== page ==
One Measure Of Corporate Cash Holdings
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View from the Observation Deck  

Today’s blog post provides a quarterly snapshot of the total cash and cash equivalent holdings of the companies that comprise the S&P 500 Industrials (Old) Index (“index”). Investors often use the level of cash held by companies, among other metrics, as a barometer of financial strength. Corporations, however, desire to earn a return on their capital, and holding cash well in excess of what is needed to fund short-term operations could prove to be detrimental to their ability to do so. The level of cash required for operations will vary from company to company, but a high-level view of the total cash holdings for companies in the index may offer unique insight into the overall business climate, in our opinion.

  • After setting a record high of $1.89 trillion in Q4’20, arguably the height of the COVID-19 pandemic, the cash, and cash equivalents for the companies in the S&P 500 Industrials (Old) Index declined by approximately $310 billion to settle at $1.58 trillion as of Q4’22.  
  • From 3/09/09 (the low during the financial crisis) to 12/30/2022, the S&P 500 Index posted an average annualized total return of 15.65%, according to Bloomberg.
  • What is interesting is that the companies that comprise the S&P 500 Index distributed $7.79 trillion in stock dividends and spent a staggering $11.61 trillion on stock buybacks over a similar period (3/31/09-12/30/22), according to S&P Dow Jones Indices.

Indicative of a massive divestment of cash, stock buybacks rose by 4.6% year-over-year from $881.7 billion in 2021, to a record $922.7 billion in 2022, according to S&P Dow Jones Indices. The pace does not appear to have slowed in the new year. In January, companies in the S&P 500 Index repurchased $132 billion of their stock, a record for the month. Likewise, dividend payments totaled a record $564.6 billion in 2022, an increase of 10.4% on an aggregate basis from 2021's $511.2 billion. Bear in mind that S&P 500 companies also utilize cash for such things as mergers and acquisitions (M&A), investment in plants and factories, and to purchase software and equipment.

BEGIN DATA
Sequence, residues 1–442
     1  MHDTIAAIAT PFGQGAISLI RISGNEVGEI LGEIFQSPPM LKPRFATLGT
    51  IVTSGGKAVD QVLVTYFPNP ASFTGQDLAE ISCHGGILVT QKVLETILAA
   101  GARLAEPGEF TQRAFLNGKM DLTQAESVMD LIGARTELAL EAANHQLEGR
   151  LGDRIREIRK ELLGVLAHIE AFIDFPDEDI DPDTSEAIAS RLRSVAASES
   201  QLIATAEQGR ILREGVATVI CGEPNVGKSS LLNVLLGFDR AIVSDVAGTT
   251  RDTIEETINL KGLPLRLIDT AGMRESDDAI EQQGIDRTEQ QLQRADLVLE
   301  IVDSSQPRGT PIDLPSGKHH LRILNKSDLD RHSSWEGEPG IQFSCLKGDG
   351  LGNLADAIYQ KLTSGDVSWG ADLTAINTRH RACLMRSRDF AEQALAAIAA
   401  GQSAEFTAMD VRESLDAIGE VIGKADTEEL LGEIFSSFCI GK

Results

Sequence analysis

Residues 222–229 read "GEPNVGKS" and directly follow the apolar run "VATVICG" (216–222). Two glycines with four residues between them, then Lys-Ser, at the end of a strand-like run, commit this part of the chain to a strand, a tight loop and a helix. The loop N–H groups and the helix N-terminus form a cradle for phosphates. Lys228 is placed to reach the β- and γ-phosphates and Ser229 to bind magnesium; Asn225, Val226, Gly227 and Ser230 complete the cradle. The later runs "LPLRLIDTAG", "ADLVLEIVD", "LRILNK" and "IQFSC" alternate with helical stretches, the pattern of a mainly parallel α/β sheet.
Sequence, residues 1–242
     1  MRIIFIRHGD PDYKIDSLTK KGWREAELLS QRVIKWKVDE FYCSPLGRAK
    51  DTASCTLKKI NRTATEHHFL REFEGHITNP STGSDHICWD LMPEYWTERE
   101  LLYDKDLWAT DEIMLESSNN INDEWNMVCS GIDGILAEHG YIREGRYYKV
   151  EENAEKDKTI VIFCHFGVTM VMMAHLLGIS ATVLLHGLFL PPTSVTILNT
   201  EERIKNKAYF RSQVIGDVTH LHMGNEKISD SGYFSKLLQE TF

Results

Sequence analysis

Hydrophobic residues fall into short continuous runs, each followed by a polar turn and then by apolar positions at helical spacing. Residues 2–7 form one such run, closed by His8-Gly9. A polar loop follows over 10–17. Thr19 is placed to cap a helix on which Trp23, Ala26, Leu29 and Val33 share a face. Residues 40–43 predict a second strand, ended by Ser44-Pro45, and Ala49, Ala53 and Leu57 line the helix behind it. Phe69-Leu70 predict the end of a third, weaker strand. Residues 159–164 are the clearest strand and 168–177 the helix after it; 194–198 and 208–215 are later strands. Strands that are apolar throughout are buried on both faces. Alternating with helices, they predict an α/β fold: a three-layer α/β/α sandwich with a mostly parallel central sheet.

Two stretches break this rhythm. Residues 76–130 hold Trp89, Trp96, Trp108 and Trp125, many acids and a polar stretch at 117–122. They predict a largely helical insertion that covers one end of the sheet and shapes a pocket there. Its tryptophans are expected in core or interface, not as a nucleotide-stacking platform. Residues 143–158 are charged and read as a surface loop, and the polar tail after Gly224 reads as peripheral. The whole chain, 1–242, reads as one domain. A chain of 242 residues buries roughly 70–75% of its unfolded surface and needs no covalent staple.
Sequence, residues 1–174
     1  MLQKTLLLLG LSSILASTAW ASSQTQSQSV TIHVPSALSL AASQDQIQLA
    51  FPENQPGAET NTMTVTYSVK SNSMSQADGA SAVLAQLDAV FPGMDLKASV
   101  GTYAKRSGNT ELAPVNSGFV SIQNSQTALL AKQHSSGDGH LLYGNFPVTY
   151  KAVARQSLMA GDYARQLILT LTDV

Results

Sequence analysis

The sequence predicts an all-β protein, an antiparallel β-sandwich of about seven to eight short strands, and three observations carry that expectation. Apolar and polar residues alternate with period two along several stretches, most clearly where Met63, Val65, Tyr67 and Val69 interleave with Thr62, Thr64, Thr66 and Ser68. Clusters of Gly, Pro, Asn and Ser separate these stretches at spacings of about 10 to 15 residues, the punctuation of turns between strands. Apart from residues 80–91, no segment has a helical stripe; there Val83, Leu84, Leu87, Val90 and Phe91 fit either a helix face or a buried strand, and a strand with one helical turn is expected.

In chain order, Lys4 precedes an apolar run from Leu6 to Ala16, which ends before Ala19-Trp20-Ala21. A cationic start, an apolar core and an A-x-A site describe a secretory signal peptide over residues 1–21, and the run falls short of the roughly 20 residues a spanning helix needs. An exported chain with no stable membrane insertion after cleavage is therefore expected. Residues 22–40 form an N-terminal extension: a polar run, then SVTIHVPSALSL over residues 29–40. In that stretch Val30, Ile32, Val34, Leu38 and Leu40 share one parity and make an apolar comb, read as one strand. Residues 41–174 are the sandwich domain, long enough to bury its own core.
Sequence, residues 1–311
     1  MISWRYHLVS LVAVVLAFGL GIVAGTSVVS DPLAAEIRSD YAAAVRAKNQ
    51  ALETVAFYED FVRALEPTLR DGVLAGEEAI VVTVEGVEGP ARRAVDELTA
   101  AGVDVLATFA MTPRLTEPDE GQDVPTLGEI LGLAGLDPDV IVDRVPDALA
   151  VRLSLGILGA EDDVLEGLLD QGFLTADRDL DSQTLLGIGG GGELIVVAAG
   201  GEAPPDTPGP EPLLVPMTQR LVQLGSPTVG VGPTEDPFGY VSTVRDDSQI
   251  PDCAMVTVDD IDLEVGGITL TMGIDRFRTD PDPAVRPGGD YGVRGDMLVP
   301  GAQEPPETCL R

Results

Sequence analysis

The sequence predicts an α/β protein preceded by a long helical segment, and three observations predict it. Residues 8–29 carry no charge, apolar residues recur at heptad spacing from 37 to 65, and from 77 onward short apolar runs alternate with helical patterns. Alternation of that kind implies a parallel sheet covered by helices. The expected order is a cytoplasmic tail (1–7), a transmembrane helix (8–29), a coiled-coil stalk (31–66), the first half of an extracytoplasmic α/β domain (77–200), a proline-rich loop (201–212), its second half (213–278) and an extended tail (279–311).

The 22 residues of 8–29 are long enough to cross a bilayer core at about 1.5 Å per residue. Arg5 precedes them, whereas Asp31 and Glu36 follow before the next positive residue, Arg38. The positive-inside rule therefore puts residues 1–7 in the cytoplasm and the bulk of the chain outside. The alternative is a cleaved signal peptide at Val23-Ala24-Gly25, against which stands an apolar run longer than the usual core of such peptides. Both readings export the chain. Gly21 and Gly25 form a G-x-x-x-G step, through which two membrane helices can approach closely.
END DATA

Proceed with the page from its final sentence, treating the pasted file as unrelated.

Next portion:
Takeaway: Broadly speaking, seeing S&P 500 Index cash holdings continue to rise over time suggests that America's largest companies, overall, appear to be on solid footing, in our opinion. As indicated in today’s chart, total cash and cash equivalents fell from $1.89 trillion in Q4’20 to $1.58 trillion in Q4’22, but the decline may be related to share repurchases and dividend distributions, in our view. Stock buybacks and dividend distributions for companies in the S&P 500 Index each set record-highs in 2022, coming in at $922.7 billion and $564.6 billion, respectively. Furthermore, companies will often utilize cash as they engage in M&A and invest in property, plant, and equipment, among other capital expenditures. In our view, the record-setting pace of both stock buybacks and dividend payments could be viewed as a vote of confidence by corporations in their ability to weather current economic headwinds. Time will tell!

This chart is for illustrative purposes only and not indicative of any actual investment. The illustration excludes the effects of taxes and brokerage commissions and other expenses incurred when investing. Investors cannot invest directly in an index. The S&P 500 Index is an unmanaged index of 500 companies used to measure large-cap U.S. stock market performance.  

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Posted on Thursday, March 30, 2023 @ 10:28 AM

These posts were prepared by First Trust Advisors L.P., and reflect the current opinion of the authors. They are based upon sources and data believed to be accurate and reliable. Opinions and forward looking statements expressed are subject to change without notice. This information does not constitute a solicitation or an offer to buy or sell any security.